I met Tina D'Elia a few years ago right before she was cast as a Social Worker in The Pursuit of Happyness with Will Smith. Tina is a professional actor in the SF Bay Area and owner of Tina D'Elia Consulting. She is a performance coach, acting/public speaking workshop leader, and does casting for tv/film. Tina is also a wonderful human being who cares a great deal for the underdogs of the world, which is clear by her work with the LGBT community; specifically on transgender issues. We sat down with Tina to discuss her current one woman show The Rita Hayworth of this Generation, her recent work on the Netflix series Sense8 and to catch up on her colorful life. 

 

DG: Can you tell us a little bit about your background and how it influences your work?

TD: My parents were poets. My mother is mixed-race Mexican and German and grew up in Cali Columbia and my father is Italian. We connected and celebrated together through the arts, so whether we were dancing around the house, playing musical instruments or writing, we were always doing something creative. 

As a writer, the political satires of the Marx Brothers and Tom Lehrer had a great influence on me. I was also influenced by old Hollywood greats such as Katherine Hepburn and Rita Hayworth. Part of my fascination with Hayworth was my desire to learn more about my Latin roots. She was of Spanish heritage and possibly Romani as well.  I studied Hayworth thoroughly and started writing my own versions of a queer Latina mixed-race protagonist that later became what is my solo show, The Rita Hayworth of this Generation.

 

DG: Can you tell me a little bit about what inspires you as an artist? What gets you motivated and out of bed? 

TD: Gratitude, wanting to work hard, the desire to move my body and exercise, social justice/political activism, family and friends. So many things!

 

DG: You've been a powerful advocate/artist in the San Francisco LGBT community; specifically with the transgender community. Can you share with us how this came about? What are some common misunderstandings that people have about the transgender community?

TD: I am humbled that you feel this way.  I have to speak up! It's about life, purpose and responsibility. Dr. Martin Luther King said, "injustice anywhere is a threat to justice everywhere”.  Even something that may seem as small as reaching out to transgender and non-gender confirming artists to audition for roles in tv/film/theater for me is pivotal to change the landscape of cisgender* casting. (Cisgender is a word that applies to the vast majority of people, describing a person who is not transgender. If a doctor announces, “It’s a girl!” in the delivery room based on the child’s body and that baby grows up to identify as a woman, that person is cisgender. Similarly, a baby designated male in the delivery room who grows up to identify as a man is cisgender. This is the case for about 99% of the population, at least according to the best available statistics. - Time Magazine, Dec. 24, 2014)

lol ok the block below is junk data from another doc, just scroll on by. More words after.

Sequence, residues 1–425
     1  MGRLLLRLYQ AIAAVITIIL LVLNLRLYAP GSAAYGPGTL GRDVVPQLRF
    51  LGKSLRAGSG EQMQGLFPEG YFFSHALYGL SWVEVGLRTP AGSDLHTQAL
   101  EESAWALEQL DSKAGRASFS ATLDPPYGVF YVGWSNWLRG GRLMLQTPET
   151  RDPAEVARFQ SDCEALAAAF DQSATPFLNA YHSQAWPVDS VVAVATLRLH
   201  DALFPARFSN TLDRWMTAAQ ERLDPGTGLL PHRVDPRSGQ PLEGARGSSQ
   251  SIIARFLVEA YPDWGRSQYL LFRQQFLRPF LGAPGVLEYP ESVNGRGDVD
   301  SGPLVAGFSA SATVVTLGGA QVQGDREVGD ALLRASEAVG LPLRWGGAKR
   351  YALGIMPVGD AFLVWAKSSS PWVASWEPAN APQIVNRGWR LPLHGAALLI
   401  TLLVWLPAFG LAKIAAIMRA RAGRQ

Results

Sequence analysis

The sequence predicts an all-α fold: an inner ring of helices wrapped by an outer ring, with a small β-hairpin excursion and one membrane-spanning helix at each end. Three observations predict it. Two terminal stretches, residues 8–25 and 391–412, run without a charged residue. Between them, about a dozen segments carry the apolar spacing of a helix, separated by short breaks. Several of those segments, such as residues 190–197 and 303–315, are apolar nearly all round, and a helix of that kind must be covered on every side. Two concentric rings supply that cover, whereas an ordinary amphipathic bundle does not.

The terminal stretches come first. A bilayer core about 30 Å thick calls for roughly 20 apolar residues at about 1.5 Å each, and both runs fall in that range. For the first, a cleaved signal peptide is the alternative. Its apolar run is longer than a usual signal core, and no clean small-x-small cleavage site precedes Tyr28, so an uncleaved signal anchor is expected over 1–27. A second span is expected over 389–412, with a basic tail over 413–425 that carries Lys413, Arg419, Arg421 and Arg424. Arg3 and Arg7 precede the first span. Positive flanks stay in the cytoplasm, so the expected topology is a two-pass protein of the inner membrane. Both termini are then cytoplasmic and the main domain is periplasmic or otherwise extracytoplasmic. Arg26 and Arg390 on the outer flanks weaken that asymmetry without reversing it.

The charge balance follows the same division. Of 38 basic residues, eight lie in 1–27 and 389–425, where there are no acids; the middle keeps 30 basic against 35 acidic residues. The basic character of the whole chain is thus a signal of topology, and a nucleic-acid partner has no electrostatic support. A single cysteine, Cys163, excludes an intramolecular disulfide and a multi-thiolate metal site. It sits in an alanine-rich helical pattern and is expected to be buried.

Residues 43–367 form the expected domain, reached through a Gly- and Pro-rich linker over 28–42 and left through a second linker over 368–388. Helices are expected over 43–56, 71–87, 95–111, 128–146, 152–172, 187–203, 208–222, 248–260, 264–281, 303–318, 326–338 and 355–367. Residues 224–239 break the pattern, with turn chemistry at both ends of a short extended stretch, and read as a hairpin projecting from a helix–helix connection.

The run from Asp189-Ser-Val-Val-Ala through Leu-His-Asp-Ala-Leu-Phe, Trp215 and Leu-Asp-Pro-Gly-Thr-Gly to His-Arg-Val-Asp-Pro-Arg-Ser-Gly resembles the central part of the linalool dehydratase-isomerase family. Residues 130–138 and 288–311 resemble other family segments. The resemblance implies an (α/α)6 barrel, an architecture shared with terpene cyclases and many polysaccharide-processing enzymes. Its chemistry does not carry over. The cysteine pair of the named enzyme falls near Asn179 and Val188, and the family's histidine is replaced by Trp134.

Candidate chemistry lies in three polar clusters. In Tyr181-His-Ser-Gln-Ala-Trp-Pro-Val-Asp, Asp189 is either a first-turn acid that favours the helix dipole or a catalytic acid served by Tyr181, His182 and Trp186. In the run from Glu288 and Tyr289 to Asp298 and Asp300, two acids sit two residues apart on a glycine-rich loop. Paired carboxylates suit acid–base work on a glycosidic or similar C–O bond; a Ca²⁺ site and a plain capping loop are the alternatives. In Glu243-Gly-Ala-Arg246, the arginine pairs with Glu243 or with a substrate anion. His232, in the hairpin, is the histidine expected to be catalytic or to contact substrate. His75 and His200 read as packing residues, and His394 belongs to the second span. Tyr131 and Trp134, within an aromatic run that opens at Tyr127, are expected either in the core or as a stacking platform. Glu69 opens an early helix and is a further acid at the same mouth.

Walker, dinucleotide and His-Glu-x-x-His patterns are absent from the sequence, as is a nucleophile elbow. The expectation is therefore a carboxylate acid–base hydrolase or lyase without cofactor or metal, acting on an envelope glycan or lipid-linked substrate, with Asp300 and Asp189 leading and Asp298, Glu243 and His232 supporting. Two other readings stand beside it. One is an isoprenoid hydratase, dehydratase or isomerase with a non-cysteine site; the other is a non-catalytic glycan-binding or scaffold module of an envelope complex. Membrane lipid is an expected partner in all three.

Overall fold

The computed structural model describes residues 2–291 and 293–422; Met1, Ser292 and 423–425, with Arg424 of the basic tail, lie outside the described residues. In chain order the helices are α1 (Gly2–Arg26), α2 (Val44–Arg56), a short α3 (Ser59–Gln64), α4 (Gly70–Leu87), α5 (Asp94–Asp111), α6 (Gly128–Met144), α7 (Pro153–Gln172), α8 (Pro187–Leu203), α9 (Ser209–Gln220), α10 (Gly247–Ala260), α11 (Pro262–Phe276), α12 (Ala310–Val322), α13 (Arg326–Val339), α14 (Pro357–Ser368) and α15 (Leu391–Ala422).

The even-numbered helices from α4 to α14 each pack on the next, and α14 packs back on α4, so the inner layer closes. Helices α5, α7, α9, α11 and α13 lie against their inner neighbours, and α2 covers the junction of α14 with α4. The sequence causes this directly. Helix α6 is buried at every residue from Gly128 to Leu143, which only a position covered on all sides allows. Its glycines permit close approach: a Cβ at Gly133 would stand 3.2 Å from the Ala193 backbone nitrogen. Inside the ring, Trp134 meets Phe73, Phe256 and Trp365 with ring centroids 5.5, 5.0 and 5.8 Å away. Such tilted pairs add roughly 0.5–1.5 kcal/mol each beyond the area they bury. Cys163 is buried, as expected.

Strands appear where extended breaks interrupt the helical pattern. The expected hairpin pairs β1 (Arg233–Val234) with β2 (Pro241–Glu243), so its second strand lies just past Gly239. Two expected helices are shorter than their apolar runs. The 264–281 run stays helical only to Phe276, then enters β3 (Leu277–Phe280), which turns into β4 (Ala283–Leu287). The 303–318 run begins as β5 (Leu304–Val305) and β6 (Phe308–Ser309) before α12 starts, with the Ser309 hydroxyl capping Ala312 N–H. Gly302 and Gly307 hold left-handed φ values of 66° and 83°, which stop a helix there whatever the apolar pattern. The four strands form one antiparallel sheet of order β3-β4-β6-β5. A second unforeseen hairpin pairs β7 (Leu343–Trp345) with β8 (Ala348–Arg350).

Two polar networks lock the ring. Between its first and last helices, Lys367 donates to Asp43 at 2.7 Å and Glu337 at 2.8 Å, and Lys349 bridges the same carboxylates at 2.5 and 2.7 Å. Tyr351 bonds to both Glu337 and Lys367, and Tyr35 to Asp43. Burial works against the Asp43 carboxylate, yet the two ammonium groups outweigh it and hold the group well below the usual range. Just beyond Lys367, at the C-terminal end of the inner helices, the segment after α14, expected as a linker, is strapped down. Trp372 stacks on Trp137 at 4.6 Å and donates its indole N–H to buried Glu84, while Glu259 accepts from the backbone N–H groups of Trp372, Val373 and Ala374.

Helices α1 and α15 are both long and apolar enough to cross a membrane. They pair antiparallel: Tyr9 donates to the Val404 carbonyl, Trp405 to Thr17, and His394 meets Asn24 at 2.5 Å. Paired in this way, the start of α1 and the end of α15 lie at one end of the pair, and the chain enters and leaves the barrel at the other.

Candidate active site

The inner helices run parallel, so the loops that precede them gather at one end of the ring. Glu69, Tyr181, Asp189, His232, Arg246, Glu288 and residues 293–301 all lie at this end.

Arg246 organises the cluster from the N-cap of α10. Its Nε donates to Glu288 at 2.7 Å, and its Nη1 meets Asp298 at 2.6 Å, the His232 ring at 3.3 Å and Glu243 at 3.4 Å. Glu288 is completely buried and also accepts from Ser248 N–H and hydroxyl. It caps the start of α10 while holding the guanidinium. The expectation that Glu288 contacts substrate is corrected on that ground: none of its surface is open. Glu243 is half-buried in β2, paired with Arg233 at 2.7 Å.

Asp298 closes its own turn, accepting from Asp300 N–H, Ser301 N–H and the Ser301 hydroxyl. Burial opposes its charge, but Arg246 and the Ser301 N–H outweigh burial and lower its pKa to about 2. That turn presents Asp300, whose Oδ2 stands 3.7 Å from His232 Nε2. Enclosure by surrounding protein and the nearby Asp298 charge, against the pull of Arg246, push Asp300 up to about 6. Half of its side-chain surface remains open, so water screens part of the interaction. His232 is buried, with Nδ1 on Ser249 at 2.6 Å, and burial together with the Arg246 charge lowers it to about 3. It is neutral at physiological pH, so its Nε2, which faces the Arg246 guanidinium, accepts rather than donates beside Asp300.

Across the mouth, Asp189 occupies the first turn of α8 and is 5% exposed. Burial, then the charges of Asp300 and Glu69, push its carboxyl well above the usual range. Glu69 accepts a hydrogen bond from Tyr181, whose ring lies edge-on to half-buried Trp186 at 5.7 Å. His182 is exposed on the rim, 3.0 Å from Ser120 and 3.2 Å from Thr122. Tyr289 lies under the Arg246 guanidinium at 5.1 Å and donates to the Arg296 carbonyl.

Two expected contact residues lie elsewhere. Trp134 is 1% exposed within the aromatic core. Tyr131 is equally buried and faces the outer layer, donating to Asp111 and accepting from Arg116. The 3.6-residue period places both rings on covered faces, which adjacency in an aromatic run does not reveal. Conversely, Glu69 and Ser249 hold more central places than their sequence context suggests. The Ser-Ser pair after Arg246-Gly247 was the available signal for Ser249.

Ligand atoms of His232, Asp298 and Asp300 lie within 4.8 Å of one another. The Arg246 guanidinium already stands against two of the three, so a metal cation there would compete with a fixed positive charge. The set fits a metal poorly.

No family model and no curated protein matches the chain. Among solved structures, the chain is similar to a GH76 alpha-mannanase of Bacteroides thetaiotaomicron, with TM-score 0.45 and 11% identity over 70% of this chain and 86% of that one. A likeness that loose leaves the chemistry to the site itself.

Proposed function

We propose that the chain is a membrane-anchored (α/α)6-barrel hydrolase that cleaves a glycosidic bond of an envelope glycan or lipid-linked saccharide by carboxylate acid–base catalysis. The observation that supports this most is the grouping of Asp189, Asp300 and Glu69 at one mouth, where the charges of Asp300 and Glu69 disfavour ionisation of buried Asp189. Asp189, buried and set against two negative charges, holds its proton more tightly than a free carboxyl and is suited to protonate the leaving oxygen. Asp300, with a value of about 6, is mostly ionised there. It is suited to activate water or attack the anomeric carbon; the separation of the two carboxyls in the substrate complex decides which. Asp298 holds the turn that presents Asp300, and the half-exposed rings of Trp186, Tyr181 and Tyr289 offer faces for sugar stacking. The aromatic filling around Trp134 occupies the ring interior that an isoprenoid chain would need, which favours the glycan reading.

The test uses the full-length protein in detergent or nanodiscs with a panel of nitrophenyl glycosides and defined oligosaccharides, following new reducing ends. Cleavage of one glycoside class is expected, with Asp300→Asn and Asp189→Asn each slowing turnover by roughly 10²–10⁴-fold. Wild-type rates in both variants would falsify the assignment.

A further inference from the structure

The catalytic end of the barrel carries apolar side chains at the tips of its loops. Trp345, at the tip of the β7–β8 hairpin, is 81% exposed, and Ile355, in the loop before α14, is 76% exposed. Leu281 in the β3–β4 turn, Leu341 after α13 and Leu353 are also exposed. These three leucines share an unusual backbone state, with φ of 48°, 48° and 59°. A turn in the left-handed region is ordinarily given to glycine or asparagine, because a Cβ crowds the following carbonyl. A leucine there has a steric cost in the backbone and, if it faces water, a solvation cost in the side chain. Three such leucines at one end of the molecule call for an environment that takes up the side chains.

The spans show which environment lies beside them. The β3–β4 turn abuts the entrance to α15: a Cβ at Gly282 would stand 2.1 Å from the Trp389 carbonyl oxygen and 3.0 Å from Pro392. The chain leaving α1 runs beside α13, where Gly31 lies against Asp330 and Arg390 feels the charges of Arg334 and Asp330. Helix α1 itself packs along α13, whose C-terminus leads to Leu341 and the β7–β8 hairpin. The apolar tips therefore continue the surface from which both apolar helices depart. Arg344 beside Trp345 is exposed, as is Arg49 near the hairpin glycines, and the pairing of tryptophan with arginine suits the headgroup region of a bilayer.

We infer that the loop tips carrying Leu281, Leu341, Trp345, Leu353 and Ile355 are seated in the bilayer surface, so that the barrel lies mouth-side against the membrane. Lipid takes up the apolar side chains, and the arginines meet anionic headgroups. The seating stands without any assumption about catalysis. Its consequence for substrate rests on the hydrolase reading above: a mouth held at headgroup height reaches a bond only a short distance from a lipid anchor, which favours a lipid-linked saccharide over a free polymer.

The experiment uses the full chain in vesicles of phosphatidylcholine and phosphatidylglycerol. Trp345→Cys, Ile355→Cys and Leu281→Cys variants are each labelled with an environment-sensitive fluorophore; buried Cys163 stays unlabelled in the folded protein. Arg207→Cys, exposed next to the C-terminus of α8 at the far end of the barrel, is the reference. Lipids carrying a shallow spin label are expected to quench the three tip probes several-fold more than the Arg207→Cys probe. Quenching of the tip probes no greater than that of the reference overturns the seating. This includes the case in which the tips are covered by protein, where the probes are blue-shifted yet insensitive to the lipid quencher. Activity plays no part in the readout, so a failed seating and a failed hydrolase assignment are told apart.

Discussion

I really feel some common misunderstandings is this disconnect between a cisgender person’s life that is so removed from a trans person’s life. Since this cisgender culture is already rooted in patriarchy and transphobia and being in a gender binary society, it takes a desire to learn, a true love of humanity, a desire to be curious and not spend time in what a mainstream media cultural feeds us.

If I’m in isolation and letting a cisgender binary culture dictate casting, then there is no progress, no movement.  So I reach out to my friends and organizations. I talk to folks face to face and connect with other people. I go see trans folks perform, build connections and network. When I was younger in my 20’s, I knew I was disconnected to the trans communities as a cisgender queer person. When I moved to the Bay Area I started working at Community United Against Violence (CUAV) and proudly worked there for 10 years. I was excited that my life was changing, my communities were growing, and the relationships I was building with people were changing my life.